Man gets third trial in triple slaying

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A state district judge stunned onlookers Friday by granting a new trial for a young man who had been facing life in prison after being convicted of slaughtering three members of an El Rancho family with a pickax.

His first trial resulted in a hung jury. His second trial in December 2016 resulted in Ortiz being convicted of murdering Lloyd Ortiz, 55, Dixie Ortiz, 53, and their special-needs son Steven Ortiz, 21, during what prosecutors said was a botched burglary attempt. Nicholas Ortiz is not related to the victims.

But District Judge Francis J. Mathew reversed those convictions Friday and ordered a new trial in the case, saying there had been a "fundamental error" in last winter's trial. Ortiz's attorney had requested the third trial on a number of grounds.

Ortiz's extended family celebrated the judge's decision, embracing one another and loudly proclaiming that justice would finally be served in the case. Cherie Ortiz-Rios, a daughter of the slain couple who attended the hearing with her husband's mother, appeared floored by the judge's decision but declined to comment.

Mathew did not elaborate on the specific errors that he felt justified a new trial, and said after the hearing that he couldn't comment because the case against Ortiz is still active.

Ortiz's defense attorney, Dan Marlowe, admitted even he was surprised by the judge's ruling and wasn't exactly sure which of his arguments had prompted it. He speculated that the judge may have made the decision based on his own interpretations of law and not strictly what Marlowe argued.

Marlowe had said in his written motions for a new trial that there were so many troubling issues with the evidence in the case and the way it was presented to jurors that, combined, they raised "a real issue" of whether Ortiz's convictions were "offensive to the interests of justice."

Marlowe said that whatever Ortiz's involvement in the deaths may have been, he doesn't believe his client committed the killings and that "the people who actually did the killings are walking free."

According to testimony given during Ortiz's first two trials, he had conspired with two friends -- Ashley Roybal, who was 23 at the time of the killings, and her cousin Jose Roybal, who was 15 at the time -- to kill Lloyd and Dixie Ortiz and their son, Steven, and then steal their money and marijuana in the early hours of Father's Day 2011.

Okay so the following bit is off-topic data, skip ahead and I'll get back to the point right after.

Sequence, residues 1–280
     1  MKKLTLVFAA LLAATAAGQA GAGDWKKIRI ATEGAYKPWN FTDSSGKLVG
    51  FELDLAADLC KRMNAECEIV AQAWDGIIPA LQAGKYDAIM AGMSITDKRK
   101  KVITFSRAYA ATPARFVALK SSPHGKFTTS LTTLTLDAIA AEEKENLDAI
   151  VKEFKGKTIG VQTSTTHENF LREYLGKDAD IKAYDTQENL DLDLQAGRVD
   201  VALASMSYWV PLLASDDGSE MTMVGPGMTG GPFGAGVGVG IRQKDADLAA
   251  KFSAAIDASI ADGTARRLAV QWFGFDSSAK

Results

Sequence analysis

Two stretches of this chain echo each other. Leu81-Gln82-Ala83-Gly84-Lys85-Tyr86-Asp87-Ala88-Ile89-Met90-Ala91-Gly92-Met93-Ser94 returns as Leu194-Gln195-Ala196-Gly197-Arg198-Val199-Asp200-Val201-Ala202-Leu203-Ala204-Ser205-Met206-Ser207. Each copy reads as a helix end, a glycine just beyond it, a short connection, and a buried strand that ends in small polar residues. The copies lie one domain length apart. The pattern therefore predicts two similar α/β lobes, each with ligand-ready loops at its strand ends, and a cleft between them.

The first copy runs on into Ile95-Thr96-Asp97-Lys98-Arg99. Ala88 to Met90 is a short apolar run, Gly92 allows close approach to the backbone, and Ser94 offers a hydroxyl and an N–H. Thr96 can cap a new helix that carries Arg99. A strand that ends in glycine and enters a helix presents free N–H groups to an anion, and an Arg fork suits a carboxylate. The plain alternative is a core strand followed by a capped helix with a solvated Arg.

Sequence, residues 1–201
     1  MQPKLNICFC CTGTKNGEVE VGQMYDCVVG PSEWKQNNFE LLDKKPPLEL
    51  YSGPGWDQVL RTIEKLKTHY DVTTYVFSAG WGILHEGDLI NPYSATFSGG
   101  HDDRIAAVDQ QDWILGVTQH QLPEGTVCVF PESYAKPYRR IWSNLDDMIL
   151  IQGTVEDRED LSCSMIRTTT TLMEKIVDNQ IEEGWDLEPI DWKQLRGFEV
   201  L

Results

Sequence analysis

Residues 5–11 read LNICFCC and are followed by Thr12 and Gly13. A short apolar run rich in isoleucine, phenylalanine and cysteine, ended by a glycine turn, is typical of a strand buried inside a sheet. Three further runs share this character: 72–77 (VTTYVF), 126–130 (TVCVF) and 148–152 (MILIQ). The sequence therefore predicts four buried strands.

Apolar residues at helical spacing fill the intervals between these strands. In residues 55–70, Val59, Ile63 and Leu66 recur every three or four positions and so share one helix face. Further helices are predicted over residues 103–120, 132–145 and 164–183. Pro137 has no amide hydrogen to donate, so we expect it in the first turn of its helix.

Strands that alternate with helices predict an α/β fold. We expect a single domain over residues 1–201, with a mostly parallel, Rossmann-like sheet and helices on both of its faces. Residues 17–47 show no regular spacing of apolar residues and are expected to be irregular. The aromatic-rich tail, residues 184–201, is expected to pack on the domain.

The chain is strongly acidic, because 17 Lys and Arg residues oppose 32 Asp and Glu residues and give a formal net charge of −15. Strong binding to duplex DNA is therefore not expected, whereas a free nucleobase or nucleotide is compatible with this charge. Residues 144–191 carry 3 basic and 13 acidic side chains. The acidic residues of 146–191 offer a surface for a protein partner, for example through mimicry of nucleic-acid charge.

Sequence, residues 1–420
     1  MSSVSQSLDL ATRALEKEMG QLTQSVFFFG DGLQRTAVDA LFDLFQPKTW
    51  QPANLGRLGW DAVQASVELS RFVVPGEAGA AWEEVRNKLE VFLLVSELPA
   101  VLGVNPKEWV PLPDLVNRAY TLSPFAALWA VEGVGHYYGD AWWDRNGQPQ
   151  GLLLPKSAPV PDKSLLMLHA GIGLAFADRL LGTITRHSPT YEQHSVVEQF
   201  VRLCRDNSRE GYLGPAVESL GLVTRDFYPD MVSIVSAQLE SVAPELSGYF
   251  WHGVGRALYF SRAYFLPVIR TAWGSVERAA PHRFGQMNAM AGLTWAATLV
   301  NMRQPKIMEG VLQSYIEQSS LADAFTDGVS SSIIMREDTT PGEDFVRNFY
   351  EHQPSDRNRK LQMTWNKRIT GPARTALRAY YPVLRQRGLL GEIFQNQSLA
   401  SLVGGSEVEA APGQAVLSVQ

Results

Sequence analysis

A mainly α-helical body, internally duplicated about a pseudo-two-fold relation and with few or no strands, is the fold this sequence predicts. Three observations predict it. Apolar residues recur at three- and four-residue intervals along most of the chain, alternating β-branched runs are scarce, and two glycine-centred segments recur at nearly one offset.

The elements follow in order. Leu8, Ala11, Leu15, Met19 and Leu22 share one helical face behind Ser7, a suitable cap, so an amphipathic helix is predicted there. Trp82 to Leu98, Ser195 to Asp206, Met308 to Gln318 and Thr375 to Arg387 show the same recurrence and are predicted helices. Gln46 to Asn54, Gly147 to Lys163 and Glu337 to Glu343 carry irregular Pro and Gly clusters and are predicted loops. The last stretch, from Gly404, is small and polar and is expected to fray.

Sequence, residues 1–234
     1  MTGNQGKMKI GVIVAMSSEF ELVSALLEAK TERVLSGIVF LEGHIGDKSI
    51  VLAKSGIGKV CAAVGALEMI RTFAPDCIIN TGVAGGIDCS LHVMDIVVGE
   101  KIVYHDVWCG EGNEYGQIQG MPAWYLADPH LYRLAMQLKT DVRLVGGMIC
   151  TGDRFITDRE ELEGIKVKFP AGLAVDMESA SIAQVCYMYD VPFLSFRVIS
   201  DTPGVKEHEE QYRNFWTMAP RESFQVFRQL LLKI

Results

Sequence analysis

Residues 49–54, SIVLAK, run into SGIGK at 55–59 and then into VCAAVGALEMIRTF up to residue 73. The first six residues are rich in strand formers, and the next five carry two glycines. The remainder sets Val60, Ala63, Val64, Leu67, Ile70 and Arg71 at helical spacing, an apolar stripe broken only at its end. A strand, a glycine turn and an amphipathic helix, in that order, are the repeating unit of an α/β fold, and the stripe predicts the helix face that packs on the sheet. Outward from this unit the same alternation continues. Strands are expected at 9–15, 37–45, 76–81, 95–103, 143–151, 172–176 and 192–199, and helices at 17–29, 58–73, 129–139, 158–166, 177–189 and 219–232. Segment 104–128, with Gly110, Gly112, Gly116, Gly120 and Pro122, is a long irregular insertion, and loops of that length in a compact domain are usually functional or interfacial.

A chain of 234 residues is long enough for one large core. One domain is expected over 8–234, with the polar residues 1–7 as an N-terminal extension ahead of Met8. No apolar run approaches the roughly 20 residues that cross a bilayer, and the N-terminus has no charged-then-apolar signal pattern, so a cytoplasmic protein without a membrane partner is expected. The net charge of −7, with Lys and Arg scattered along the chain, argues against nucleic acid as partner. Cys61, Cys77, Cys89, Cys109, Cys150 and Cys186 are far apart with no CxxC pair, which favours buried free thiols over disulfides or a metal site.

The Roybal cousins both told state police investigators that they had conspired with Nicholas Ortiz to rob the family's home. Ashley Roybal also said she had driven Ortiz and Jose Roybal to the family's residence that night and that she had picked up Ortiz after he committed the murders.

But when it came to how a burglary plot became a plan to commit murder, the cousins' stories diverged.

This lack of agreement between the state's star witnesses was one of more than a dozen issues Marlowe raised in his motions for a new trial.

"Ashley Roybal and Jose Roybal conflicted in virtually every aspect of their testimony except for the fact that it was defendant who did the killings, acting alone," Marlowe wrote.

He also said Jose Roybal had "tested as deceptive" during a polygraph test that was wrongly excluded from the trial, and that a new witness had contacted him after Ortiz's conviction, saying Jose Roybal had confessed to at least one of the killings.

The witness claimed to have been too frightened to come forward before, Marlowe said, but couldn't live with the thought of Ortiz's wrongful conviction.

Marlowe also homed in on the actions of the deceased couple's daughter, Ortiz-Rios, who lived next door to her slain parents, after they were killed.

When Ortiz-Rios called 911 to report that she had found her parents' and brother's bodies, Marlowe wrote in a motion, she revealed information she couldn't have known if she had truly just discovered the deaths.

"In her hysterical call to 911 she stated that her parents and brother had 'been there since early morning,' " Marlowe wrote.

"There is not a shred of evidence that would have told her the bodies were there from early morning. She knew this fact without being advised of it by any person. She is the one who called police and reported what she found that evening."

Ortiz-Rios had removed $80,000 in cash from her parents' home after their deaths, Marlowe added, and didn't reveal that to police until three days after the homicides.

These issues and others, Marlowe argued, justified granting Ortiz a new trial.

Contact Phaedra Haywood at 505-986-3068 or phaywood@sfnewmexica­n.com. Follow her on Twitter @phaedraann.

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